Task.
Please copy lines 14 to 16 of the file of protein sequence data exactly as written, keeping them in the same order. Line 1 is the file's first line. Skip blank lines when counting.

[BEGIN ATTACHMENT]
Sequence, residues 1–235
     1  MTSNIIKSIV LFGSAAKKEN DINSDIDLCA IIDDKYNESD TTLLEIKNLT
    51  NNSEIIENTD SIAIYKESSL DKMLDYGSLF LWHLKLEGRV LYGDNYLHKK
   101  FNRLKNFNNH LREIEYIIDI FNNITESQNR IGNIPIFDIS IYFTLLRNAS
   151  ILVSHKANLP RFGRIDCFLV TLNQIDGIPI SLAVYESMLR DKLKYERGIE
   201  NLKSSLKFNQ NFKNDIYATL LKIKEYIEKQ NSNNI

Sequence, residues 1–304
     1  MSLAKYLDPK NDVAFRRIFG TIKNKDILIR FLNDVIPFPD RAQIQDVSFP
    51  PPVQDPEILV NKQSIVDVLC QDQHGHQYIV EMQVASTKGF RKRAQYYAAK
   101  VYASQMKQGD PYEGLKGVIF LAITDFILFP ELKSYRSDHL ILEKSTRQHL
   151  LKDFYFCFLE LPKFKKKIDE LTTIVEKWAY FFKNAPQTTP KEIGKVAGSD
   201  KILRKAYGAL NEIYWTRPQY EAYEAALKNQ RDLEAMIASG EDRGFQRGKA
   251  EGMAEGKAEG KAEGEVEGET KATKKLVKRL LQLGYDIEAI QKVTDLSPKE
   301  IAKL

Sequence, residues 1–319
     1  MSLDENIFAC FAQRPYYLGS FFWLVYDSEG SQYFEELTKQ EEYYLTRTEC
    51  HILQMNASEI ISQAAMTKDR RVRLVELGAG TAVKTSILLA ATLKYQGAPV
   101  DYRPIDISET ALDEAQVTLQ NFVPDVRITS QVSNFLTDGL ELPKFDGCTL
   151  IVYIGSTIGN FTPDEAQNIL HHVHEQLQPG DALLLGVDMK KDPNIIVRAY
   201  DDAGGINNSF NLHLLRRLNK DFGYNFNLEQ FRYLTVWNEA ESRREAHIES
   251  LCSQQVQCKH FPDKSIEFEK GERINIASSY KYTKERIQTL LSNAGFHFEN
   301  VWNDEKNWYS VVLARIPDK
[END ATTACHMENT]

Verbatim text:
   301  IAKL

Sequence, residues 1–319
     1  MSLDENIFAC FAQRPYYLGS FFWLVYDSEG SQYFEELTKQ EEYYLTRTEC